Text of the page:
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Dynacare says to expect longer hours, estimated wait times at new Manitoba coronavirus test sites – Global News

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As long lines at testing sites and days-long waits for results continue to plague Manitoba’s COVID-19 testing efforts, the private lab company tasked with helping to relieve some of the pressure is revealing details about its plans for more testing sites.

This week, the province announced it has contracted Dynacare to open and operate several new testing sites across the province. The initial plans would see testing capacity increased by 1,400 tests a day with the ability to eventually increase to 2,600 more, the province said.

Read more:
42 new coronavirus cases in Manitoba Wednesday, mostly in Winnipeg

Dynacare’s Winnipeg-based chief scientific officer, Dr. Jenisa Naidoo said Wednesday the company — which has already been processing tests alongside the Cadham Provincial Laboratory — eventually aims to be able to report test results in a 24-hour timeframe.

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However, she said there’s a backlog of testing they’ll have to get through first.






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Manitoba still working on getting COVID-19 contact tracing app


Manitoba still working on getting COVID-19 contact tracing app

“There’s been a higher demand — the volumes of tests have gone up significantly in the last few weeks or the last month,” Naidoo told 680 CJOB.

Currently, Naidoo said the company is getting results out within 24 and 48 hours.

But she hopes that will change as the new sites open, including two in Winnipeg and one in Brandon, which go into operation in the coming weeks.

Read more:
4 ‘supersites’ to replace 26 Dynacare diagnostic labs in Winnipeg

On Tuesday, the province said Dynacare may also have a mobile site open in Winnipeg as early as Sept. 28.

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The mobile site  — essentially a clinic on wheels — will be able to quickly head to areas of need or hotspots around the province, Naidoo explained.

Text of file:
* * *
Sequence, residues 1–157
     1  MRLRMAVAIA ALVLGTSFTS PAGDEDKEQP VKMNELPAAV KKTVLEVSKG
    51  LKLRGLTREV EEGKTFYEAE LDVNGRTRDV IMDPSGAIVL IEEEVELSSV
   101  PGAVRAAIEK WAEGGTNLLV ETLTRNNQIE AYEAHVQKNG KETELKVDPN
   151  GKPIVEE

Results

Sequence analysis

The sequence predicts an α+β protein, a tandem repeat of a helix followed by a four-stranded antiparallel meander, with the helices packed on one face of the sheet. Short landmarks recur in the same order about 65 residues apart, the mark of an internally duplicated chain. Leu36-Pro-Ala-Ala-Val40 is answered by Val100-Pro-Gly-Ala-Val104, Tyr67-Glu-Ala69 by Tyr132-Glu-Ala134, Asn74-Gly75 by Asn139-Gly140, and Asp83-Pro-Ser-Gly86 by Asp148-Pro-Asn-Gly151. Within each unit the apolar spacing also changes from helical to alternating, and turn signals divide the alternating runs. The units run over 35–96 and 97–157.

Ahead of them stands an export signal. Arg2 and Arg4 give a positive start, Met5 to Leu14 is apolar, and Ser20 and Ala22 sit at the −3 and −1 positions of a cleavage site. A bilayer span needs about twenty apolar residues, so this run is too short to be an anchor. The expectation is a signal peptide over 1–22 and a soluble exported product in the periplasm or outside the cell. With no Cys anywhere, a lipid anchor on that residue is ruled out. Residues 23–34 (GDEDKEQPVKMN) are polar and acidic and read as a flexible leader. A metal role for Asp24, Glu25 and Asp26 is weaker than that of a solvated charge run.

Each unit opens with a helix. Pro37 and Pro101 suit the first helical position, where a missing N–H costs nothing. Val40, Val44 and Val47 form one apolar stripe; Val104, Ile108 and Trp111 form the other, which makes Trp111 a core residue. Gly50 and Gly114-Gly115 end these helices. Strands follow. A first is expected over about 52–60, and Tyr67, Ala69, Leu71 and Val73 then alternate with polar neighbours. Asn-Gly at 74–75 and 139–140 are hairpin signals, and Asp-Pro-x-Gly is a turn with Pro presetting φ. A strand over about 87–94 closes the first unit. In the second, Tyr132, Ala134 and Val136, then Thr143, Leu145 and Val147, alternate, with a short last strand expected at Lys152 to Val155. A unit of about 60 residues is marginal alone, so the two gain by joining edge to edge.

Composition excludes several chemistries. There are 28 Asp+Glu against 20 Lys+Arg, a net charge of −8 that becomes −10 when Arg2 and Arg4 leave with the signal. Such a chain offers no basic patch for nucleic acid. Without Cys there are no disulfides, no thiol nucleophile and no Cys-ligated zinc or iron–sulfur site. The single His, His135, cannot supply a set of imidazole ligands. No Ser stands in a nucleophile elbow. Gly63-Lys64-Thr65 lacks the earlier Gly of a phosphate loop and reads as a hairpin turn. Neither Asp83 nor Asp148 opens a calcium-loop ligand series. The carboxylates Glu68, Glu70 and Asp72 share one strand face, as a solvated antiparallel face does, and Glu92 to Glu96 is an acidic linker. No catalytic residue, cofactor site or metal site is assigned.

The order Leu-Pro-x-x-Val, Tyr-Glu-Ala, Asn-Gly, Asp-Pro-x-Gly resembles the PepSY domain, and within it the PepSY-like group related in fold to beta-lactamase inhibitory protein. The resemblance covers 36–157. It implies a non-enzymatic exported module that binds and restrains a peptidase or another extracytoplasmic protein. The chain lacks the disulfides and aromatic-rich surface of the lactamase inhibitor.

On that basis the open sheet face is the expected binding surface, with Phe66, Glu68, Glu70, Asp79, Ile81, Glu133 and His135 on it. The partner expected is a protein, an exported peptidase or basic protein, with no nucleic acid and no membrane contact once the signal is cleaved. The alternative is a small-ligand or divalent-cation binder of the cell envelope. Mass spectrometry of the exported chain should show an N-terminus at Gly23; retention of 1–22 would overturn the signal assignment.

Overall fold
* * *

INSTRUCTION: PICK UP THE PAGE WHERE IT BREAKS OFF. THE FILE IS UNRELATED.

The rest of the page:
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COVID-19 testing lines


COVID-19 testing lines

Further sites — including both walk-ins and drive-thru locations — in Winnipeg and others in Winkler, Portage la Prairie, and Dauphin are also planned, she added.

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Naidoo couldn’t yet say where exactly the new sites will be located, but she stressed Dynacare’s COVID-19 testing will not be done at the company’s current lab facilities in Winnipeg.

She said Dynacare plans to have many of the new testing sites open from 7 a.m. to 6 p.m.

Read more:
Winnipeg long-term care home reports Manitoba’s 19th coronavirus death

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“The hours of operation will vary from region to region, but in Winnipeg we’re hoping to actually have longer hours and extended hours at these COVID assessment centres,” she said.

Naidoo said each of Dynacare’s COVID-19 testing sites will be able to give an estimated wait time for those who come in for testing, and the company plans to update their website with expected wait times for each site as well.

Winnipeg testing sites hit capacity

Over the last week, some of Winnipeg’s testing sites have reached capacity by mid-afternoon, forcing staff to turn away those still waiting in line for testing.

That’s led to grumbling on social media about both the long lines at sites and the long wait for results after being told by health officials to socially isolate until getting news of a negative test.

There’s also reports of long wait times for callers to Health Links, as calls come in from those with questions about COVID-19 and other issues, and others anxious to get their test results.